Trump vs. Biden on policing, criminal justice: Where they stand

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A series of months punctuated by protests that, at times, devolved into unrest or riots have highlighted differences in the beliefs of President Trump and Democratic contender former Vice President Joe Biden when it comes to the role of law enforcement and criminal justice in America.

Protests following the deaths of multiple Black individuals nationwide, such as George Floyd in Minneapolis, Minn., Breonna Taylor in Louisville, Ky., and, most recently, Walter Wallace Jr. in Philadelphia, Pa., have called for police to be defunded or changes in police policy.

Trump, while campaigning last week in Arizona, expressed outrage over the violent protests in Philadelphia that followed Wallace Jr.’s death.

(Getty Images)

“I can tell you, Biden and Harris stand with the rioters and the vandals,” Trump said of Biden and his running mate, Sen. Kamala Harris, during a campaign rally. “I stand with the heroes of law.”

Meanwhile, the Biden campaign issued a joint statement in which Biden and Harris said that Wallace’s was “a Black life that mattered.”

But where do Trump and Biden stand on the larger issues of policing and criminal justice reform? Public statements, debate comments and their own websites shed some light on the topic.  

BIDEN

Democratic presidential candidate former Vice President Joe Biden speaks at a “Souls to the Polls” drive-in rally at Sharon Baptist Church, Sunday, Nov. 1, 2020, in Philadelphia. (AP Photo/Andrew Harnik)

Policing

In June, more than four dozen progressive groups signed a letter addressed to Biden’s campaign criticizing his police reform proposals and warning that if he doesn’t adopt more progressive policies he risks losing Black voters — and the election.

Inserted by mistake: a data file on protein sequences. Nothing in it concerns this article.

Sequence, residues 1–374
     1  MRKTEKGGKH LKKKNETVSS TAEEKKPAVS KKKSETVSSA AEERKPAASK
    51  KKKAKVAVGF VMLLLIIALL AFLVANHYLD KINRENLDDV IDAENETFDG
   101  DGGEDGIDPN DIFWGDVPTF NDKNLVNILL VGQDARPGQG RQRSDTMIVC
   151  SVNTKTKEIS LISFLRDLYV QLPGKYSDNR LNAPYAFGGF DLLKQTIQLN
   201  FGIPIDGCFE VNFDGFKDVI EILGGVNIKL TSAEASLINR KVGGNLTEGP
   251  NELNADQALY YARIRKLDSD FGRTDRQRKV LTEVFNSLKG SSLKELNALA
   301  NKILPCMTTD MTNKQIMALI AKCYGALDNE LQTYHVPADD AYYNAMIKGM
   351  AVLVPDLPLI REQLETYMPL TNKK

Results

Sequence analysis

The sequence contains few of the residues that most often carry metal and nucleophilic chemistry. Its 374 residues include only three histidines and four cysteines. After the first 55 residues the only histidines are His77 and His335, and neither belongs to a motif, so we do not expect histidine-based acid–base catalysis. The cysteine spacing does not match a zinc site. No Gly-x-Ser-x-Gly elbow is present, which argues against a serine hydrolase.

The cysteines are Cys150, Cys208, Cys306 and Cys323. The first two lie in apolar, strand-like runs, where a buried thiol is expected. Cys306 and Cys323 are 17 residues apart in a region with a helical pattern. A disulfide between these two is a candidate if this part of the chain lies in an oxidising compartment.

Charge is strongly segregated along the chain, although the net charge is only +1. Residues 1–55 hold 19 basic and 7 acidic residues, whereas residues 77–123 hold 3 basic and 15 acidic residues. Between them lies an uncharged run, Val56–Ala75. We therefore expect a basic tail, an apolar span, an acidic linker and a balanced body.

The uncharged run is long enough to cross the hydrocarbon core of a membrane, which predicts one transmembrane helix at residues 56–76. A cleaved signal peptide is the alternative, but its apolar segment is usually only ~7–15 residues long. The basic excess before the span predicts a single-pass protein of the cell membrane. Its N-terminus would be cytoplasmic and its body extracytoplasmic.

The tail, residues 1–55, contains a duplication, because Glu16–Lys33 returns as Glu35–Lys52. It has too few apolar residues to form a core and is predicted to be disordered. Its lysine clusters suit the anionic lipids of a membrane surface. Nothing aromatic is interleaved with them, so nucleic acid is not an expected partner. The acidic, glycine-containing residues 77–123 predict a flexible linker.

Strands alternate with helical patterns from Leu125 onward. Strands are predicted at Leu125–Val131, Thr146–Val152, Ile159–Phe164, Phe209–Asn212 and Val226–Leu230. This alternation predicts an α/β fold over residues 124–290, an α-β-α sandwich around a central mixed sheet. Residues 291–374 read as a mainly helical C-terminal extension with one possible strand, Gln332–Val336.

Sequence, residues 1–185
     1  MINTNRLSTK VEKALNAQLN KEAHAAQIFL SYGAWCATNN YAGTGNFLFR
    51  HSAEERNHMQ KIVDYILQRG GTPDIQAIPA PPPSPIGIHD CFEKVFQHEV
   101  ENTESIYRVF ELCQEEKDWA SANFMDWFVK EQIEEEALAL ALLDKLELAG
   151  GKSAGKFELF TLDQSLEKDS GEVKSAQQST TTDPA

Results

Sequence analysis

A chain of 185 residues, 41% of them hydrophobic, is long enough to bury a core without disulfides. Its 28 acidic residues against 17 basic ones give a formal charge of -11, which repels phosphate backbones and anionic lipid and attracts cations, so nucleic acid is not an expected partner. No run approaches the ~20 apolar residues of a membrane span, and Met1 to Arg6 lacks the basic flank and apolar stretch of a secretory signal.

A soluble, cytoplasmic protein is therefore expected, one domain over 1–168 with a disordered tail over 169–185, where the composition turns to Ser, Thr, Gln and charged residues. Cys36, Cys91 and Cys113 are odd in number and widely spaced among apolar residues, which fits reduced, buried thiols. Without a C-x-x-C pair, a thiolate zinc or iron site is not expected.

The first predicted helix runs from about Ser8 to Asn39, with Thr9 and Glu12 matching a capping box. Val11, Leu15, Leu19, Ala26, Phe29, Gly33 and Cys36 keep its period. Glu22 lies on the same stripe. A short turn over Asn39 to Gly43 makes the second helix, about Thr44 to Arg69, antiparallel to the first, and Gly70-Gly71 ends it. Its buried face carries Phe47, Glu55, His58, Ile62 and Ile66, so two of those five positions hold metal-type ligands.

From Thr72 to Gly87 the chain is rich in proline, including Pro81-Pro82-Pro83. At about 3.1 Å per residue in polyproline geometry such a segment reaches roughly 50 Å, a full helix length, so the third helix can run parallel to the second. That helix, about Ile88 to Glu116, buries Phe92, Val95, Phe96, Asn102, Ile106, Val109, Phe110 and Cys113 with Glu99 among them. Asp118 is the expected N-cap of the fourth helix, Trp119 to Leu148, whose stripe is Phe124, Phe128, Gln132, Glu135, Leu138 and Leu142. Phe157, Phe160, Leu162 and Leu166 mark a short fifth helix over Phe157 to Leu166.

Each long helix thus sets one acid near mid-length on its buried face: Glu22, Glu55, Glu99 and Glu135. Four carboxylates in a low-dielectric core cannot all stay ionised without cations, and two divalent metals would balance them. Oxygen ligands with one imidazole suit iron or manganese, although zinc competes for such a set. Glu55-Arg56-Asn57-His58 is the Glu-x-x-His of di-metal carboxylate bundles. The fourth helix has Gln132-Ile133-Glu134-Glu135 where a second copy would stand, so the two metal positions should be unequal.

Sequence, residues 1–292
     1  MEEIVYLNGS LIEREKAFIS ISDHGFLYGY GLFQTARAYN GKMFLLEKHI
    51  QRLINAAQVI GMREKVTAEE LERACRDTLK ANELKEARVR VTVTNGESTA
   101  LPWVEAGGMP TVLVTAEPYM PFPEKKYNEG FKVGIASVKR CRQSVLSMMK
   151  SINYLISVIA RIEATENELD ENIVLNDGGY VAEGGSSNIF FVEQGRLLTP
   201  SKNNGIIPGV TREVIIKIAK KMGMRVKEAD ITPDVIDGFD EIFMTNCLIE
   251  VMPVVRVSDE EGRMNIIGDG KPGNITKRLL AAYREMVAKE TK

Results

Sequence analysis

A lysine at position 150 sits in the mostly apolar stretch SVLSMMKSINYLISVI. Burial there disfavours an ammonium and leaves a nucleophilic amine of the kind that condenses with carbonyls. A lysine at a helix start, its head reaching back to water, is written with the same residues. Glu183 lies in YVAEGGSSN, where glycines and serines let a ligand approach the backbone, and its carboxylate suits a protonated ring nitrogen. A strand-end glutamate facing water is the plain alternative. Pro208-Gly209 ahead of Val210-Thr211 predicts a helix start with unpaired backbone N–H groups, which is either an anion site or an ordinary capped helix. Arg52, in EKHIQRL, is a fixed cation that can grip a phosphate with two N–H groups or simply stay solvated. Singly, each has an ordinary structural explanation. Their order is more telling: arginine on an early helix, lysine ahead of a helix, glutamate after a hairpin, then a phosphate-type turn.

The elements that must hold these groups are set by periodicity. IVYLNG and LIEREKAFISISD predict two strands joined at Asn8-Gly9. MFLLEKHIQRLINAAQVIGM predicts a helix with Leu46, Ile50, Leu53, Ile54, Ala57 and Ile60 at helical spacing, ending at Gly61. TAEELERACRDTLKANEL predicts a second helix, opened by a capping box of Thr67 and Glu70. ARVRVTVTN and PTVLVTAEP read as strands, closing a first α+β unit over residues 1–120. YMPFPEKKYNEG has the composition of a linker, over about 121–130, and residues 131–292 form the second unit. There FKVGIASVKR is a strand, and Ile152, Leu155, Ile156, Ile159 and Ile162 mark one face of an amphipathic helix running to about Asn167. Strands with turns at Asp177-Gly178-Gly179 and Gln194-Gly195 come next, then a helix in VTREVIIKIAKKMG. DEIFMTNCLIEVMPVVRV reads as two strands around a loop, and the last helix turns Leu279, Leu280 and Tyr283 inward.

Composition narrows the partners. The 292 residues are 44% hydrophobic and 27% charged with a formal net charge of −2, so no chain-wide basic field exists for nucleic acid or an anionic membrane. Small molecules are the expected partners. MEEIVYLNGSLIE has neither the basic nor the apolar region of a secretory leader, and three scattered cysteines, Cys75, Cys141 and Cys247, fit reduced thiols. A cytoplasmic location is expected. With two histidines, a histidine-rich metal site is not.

Biden, unlike many of his more liberal counterparts, has said he does not support defunding the police, but instead wants to “reimagine policing” — as he touted during the first presidential debate in September.

“What I support is the police having the opportunity to deal with the problems they face,” he said, later adding that local law enforcement “need more assistance, they need — when they show up for a 911 call, to have someone with them as a psychologist, a psychiatrist to keep them from having to use force and be able to talk people down.”

(Seattle Police Department)

The former vice president has repeatedly made clear he would boost money for social services and condition federal dollars on police adhering to standards of decency.  

“I don’t support defunding the police,“ Biden said in a CBS interview. But he said he would support tying federal aid to police based on whether “they meet certain basic standards of decency, honorableness and, in fact, are able to demonstrate they can protect the community, everybody in the community.”

His agenda also includes hiring additional officers to ensure that departments are racially and ethnically reflective of the populations they serve. He has also said he would increase oversight of police departments.

One of Biden’s priorities, spokesperson Andrew Bates told the Associated Press, is to “improve relationships between officers and residents.”

Biden has faced skepticism from some for his role in the 1994 federal crime law. The measure included federal money for the kind of community-policing Biden champions, but it also helped states build more prisons and toughened federal sentencing laws in ways that Biden and others now acknowledge disproportionately hurt Black and other non-White defendants.